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Scala Tutorial Part 1- Basics of Scala

 July 15  | 0 Comments

In this blog post we will be discussing about the basics of Scala programming like REPL, commenting in Scala, semi colon inference, keywords that are present in Scala, packages and how to import them, Declarations and finally the Data types.

First we will look the Scala REPL. REPEL stands for Read Evaluate Print and Loop, it means Read function takes the expression as an input from the user and stores the data structure in the memory and the evaluate function ,evaluates the expression and the print function displays the result on the console.

Scala REPL

Let us see this REPL with some examples.

Now we will pass some inputs to the Scala shell and we will check what outputs we are getting.
Firstly we will print “Hello World!” which is the basic for any programming language. We can print it very easily in Scala by just typing

Now let us pass some expressions in the shell and see the output.
Now we will just give 2+3 the Scala shell will automatically print it reads the expression from the user and evaluates and then print it as an Int
Now let us combine two string “2”+”3”, this time the Scala shell will return a string as “23” it automatically detects that the things which are inside the double quotes as strings and combines the two strings as we are using a concatenate operator.
If we combine a string and an integer like “2”+3, this time also the shell will return the output as a string itself as concatenation of string and an integer results in a string.
Now we will give a mathematical calculation 10*2+4 the shell returns the result as 24 by using the BODMAS rule, it automatically calculates the calculation and returns an Integer as result.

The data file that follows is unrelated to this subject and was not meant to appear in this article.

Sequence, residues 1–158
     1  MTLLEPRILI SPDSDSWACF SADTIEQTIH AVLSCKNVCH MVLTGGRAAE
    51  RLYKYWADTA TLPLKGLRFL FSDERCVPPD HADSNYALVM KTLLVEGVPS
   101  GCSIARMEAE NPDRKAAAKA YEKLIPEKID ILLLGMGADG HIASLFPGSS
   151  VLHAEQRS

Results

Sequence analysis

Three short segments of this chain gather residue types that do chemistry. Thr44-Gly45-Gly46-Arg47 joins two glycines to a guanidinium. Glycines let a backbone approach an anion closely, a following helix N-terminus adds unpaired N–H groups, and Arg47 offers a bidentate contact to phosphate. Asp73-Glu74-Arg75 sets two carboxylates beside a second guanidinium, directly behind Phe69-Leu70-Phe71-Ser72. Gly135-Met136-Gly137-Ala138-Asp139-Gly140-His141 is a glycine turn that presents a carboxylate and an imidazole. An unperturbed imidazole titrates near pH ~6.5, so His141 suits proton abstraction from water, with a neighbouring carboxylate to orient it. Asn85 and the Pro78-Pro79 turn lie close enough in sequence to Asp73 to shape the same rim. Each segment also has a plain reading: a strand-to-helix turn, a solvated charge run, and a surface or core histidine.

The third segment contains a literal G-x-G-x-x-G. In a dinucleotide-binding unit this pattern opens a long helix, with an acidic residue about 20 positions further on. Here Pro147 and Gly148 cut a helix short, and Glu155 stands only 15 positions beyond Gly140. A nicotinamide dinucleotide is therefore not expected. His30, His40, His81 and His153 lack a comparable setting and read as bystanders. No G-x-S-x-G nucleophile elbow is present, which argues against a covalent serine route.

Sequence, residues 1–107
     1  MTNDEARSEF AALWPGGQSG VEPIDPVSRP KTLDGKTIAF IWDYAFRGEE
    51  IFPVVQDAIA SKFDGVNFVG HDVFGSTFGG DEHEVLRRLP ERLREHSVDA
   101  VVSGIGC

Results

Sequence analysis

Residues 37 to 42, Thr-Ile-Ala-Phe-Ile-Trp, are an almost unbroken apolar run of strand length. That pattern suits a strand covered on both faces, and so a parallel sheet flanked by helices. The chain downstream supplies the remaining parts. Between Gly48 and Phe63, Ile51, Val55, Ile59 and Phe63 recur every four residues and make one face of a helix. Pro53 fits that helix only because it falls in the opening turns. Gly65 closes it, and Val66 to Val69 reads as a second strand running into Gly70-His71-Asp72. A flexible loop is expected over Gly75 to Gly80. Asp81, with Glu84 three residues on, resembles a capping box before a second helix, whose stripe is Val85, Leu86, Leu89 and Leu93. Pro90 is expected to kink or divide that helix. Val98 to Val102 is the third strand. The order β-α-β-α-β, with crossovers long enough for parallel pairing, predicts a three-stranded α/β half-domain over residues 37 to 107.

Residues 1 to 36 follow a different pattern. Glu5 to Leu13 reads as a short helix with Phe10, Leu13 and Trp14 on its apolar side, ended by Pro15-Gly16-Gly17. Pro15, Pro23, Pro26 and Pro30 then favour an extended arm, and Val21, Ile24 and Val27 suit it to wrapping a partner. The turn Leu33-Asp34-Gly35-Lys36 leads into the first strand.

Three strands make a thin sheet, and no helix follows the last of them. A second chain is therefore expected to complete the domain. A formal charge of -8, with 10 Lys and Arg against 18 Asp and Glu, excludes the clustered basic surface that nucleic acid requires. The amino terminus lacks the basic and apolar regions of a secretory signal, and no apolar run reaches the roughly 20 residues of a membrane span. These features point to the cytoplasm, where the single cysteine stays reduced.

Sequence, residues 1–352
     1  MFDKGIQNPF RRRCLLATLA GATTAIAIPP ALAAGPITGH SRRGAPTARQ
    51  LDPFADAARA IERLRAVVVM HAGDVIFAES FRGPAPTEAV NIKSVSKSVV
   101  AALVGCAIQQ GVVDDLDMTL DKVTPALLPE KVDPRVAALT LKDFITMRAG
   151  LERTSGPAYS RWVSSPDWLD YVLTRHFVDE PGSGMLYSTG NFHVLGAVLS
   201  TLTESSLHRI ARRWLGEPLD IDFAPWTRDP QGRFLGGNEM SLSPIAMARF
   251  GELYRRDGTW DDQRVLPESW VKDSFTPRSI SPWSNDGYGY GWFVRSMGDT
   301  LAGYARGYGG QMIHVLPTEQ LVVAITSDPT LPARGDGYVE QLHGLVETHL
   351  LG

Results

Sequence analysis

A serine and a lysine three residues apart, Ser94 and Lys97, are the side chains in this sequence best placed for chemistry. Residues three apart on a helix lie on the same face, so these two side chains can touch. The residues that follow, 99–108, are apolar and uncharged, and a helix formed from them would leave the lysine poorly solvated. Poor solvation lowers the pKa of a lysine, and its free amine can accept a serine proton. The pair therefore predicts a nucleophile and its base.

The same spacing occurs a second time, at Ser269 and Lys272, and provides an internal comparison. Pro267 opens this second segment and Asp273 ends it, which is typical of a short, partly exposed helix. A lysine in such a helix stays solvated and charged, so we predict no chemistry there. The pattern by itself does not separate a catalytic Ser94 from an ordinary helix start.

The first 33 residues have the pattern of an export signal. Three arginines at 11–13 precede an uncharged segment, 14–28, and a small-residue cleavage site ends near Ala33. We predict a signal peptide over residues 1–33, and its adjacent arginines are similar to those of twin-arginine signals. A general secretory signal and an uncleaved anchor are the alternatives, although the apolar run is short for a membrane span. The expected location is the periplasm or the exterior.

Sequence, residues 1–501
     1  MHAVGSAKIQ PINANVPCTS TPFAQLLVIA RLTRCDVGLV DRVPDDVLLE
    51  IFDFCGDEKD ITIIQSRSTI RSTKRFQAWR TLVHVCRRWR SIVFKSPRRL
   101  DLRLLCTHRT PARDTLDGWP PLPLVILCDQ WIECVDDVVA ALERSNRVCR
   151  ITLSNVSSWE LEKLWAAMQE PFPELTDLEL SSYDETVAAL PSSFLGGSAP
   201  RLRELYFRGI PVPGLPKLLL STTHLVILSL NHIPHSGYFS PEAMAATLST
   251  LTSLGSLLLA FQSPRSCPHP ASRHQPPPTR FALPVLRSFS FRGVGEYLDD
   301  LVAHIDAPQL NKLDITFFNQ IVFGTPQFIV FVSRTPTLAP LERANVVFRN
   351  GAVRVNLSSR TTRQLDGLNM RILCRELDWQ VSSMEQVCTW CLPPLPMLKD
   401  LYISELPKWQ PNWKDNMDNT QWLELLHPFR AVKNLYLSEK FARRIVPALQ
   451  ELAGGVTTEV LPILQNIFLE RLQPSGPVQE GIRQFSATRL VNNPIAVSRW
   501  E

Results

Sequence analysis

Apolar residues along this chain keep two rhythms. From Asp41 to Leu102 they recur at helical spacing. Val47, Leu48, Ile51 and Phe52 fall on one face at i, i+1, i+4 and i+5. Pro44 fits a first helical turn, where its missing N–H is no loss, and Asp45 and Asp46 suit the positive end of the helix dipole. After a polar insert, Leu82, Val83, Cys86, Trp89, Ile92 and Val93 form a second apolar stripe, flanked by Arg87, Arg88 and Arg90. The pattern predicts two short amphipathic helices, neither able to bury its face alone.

Refer the below screen shot for the same.

Main method in Scala

In Scala we define the method with the below syntax

def main(args:Array[String]){

This main method should be written inside the Scala object, in Java we use to write this main method inside the Class and use to declare it as Static because the main method in Java should be accessible to all the other classes also. But here in Scala we do not have the concept of Static so the main method which is written inside the object is accessible within the object itself.

Commenting in Scala

There are two types of comments that can be possible in Scala Single line commenting and Multi line commenting.

Single line comments

We can write single line comments in Scala by just typing // before the line.

Multi line comments

We can write multi line comments in Scala by writing the code in between /*–comments–*/.

Semi colon Inference

In Scala semi colon is not mandatory, we can keep semi colons at the end of the line or we can not keep, it is up to the programmer because if we write a single line of code, the Scala compiler will automatically detects the end of line. So it is not mandatory to represent the end of line using a Semi colon in Scala.
But if we you are writing multiple statements in a single line, then you need to separate them necessarily with a semi colon.

Let us see the same with an example

val value1=”value1”

This will return a string and we need to give any semi colon at the end as it as a single statement.

val value2 = “value2”;print(value2)